Upgrades are planned for the future, however, due to the fact its biggest opponents are still an unknown, major upgrade funds for the Raptor was canceled in 2014, the biggest loss was the loss of the planned helmet cueing system upgrade, meaning the F-22 can not use the 9X Sidewinder to its full potential. However, despite this, as the only fighter currently that contain both full blown mature next-gen avionics, stealth, and supercruise, nothing likely will supersede the F-22 for years to come.
Hasegawa’s F-22 was released in 2010. Previously, there was only one other F-22 kit and that was Italerie’s, which was released in 1998. However, that kit is based on the prototype EMD version and have several detail faults or no details at all. The Hasegawa one is fully correct in outline. The only other 1/48 F-22 out there currently is made by Academy. Despite the fact it has more weapons, including external stores, some details better than the Hasegawa, it has two rather massive external outline faults. The first is the tail, they are way too small. The second is the nose. The prominent chine and hawk like beak that characterizes the Raptor’s nose are completely missing. However, as stated, Hasegawa one does have several minor faults. The biggest one detail wise is the fact many top surface area are replicated by decals, the biggest eye sore is the APU. This is very prominent on the real aircraft and features a top opening vent that’s usually in burnt iron color. The kit doesn’t even give you a plastic part (unlike Academy), much less a photo-etch (most wanted). Rather a decal that look nothing like the real thing is there as a substitute!
Upon opening the box, one is greeted by 9 sprues with two clear ones. The clear transparencies are duplicates, one clear, the other one smoked since like all fighters since the 90’s (past F-15 MSIP II and F-16 Block 30), all U.S. fighters canopies contain a slightly smoked/goldenish color to block in coming radar waves from bouncing around inside the cockpit. However, other details such as HUD piece, wing tip lights etc are also smoked. This is weird since they are not need when Hasegawa only need to smoke the canopy, and make the rest in clear rather make two duplicates. Ohh well, save me when I lost the clear HUD to the carpet monster. A full armament is included including six AMRAAM and two sidewinders. Unlike the Academy version, external stores are not offered and strangely, the sidewinders are the AIM-9X, which is totally wrong for the Raptor since currently, only one squadron have been upgraded to carry the missile and since this kit was made before that ever happened, all the markings included in the kit are not meant to carry the 9X ‘Winder so some 9L/M version of the missile has to be sourced. Also, a pilot is included with two heads, one standard, the other looks like it’s wearing a Joint-Helmet Mounted Cueing System. As stated above, all major funding for upgrades are currently canceled since 2014 so the F-22 will not receive any helmet mounted cueing system for now, making the “new type” helmet head redundant.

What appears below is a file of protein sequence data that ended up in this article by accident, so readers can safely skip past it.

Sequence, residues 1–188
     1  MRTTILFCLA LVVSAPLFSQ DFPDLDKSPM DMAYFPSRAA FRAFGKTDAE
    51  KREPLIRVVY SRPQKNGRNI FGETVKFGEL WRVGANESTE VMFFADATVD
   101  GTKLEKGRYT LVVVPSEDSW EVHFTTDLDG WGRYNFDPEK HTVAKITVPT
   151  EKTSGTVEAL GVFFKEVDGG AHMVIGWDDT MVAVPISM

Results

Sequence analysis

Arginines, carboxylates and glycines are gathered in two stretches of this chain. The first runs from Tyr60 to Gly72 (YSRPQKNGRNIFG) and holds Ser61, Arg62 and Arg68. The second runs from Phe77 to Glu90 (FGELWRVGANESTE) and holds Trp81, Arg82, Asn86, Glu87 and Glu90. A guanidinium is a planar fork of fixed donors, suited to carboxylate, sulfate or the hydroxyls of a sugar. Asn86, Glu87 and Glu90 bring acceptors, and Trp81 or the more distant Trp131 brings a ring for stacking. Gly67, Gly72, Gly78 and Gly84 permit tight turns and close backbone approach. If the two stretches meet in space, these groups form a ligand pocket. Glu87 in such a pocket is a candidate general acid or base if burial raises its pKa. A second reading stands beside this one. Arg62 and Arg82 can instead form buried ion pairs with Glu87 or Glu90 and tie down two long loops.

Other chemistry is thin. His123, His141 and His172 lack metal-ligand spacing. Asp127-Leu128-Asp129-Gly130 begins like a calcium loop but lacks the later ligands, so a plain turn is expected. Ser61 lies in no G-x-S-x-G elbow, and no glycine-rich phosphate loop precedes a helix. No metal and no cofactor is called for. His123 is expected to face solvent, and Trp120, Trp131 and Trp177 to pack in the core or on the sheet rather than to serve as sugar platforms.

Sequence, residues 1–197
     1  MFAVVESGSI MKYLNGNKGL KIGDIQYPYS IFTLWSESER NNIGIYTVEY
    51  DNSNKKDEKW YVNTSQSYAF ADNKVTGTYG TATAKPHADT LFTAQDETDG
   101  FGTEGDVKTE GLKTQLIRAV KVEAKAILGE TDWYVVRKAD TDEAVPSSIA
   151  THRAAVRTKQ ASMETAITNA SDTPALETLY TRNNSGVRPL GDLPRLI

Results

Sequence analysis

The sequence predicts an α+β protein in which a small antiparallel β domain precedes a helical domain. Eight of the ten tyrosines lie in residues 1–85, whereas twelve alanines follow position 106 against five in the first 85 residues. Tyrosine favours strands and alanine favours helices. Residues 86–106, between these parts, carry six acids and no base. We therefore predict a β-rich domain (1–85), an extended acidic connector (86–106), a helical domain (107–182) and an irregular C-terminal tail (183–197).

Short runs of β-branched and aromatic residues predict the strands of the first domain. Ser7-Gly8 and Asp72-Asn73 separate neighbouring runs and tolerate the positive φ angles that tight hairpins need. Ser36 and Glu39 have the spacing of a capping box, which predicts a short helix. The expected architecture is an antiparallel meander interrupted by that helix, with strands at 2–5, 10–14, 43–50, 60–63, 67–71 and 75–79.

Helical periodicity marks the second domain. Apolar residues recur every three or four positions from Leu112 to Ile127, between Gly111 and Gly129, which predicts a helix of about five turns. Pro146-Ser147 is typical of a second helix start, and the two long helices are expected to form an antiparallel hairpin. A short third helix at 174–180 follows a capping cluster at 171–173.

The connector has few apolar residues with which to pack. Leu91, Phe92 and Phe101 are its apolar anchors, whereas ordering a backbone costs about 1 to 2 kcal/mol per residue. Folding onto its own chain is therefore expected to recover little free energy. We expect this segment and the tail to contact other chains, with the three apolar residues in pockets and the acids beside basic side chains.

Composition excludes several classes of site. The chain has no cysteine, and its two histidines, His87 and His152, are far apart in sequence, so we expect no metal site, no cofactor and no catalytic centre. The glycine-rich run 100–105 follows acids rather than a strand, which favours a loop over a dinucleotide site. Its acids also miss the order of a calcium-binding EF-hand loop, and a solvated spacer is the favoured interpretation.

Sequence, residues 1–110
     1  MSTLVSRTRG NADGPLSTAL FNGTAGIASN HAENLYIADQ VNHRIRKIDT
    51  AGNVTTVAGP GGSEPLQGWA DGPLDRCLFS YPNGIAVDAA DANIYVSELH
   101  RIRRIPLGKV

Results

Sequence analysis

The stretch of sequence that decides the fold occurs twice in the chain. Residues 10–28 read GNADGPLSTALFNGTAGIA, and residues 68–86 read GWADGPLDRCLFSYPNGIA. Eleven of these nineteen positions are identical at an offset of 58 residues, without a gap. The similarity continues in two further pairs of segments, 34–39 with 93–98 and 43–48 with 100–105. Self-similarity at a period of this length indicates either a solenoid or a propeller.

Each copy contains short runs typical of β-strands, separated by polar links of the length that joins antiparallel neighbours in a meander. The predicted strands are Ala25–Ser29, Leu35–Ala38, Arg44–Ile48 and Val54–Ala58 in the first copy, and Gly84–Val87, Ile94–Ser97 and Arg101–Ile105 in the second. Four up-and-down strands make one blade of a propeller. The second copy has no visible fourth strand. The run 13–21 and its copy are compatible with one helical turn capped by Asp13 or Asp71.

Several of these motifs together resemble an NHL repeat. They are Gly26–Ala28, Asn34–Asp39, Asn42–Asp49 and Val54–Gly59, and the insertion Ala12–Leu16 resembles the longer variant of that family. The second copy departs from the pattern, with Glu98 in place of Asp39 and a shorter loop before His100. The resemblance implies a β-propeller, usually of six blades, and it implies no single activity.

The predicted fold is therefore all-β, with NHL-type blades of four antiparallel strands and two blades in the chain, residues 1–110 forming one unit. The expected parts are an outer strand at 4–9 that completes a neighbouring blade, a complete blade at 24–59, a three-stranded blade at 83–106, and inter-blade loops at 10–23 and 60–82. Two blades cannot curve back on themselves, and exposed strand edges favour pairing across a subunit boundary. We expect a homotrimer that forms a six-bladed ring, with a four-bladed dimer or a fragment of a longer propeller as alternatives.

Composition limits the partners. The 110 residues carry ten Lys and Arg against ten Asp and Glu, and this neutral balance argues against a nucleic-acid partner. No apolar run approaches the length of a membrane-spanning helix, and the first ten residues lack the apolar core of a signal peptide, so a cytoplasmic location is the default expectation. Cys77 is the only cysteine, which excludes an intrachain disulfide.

Before construction can begin, a choice needs to be made. The kit offers both closed or open bays and cockpit options and one needs to make a clear decision before construction can even begin. Now, since like my F-35 kits, I got two of them, I can have both worlds. This one will be all closed. Closed cockpit and closed weapon bays also with a pilot.
Construction begin with the cockpit. The ejector seat contain six pieces alone. The only thing missing are some harness but since I will be including the pilot, that wasn’t missed. The cockpit was quickly assembled due to the fact the Raptors are kept constantly clean and like all modern fighters, features a glass cockpit that are devoid of details. I painted the instrument panel buttons light ghost grey and used the kits decals to fill the screens. The ejector seat is mostly black, like the cockpit with olive green padding. The pilot came together fine. I used the regular helmeted head and then guided the arms to hold the side mounted stick and throttles.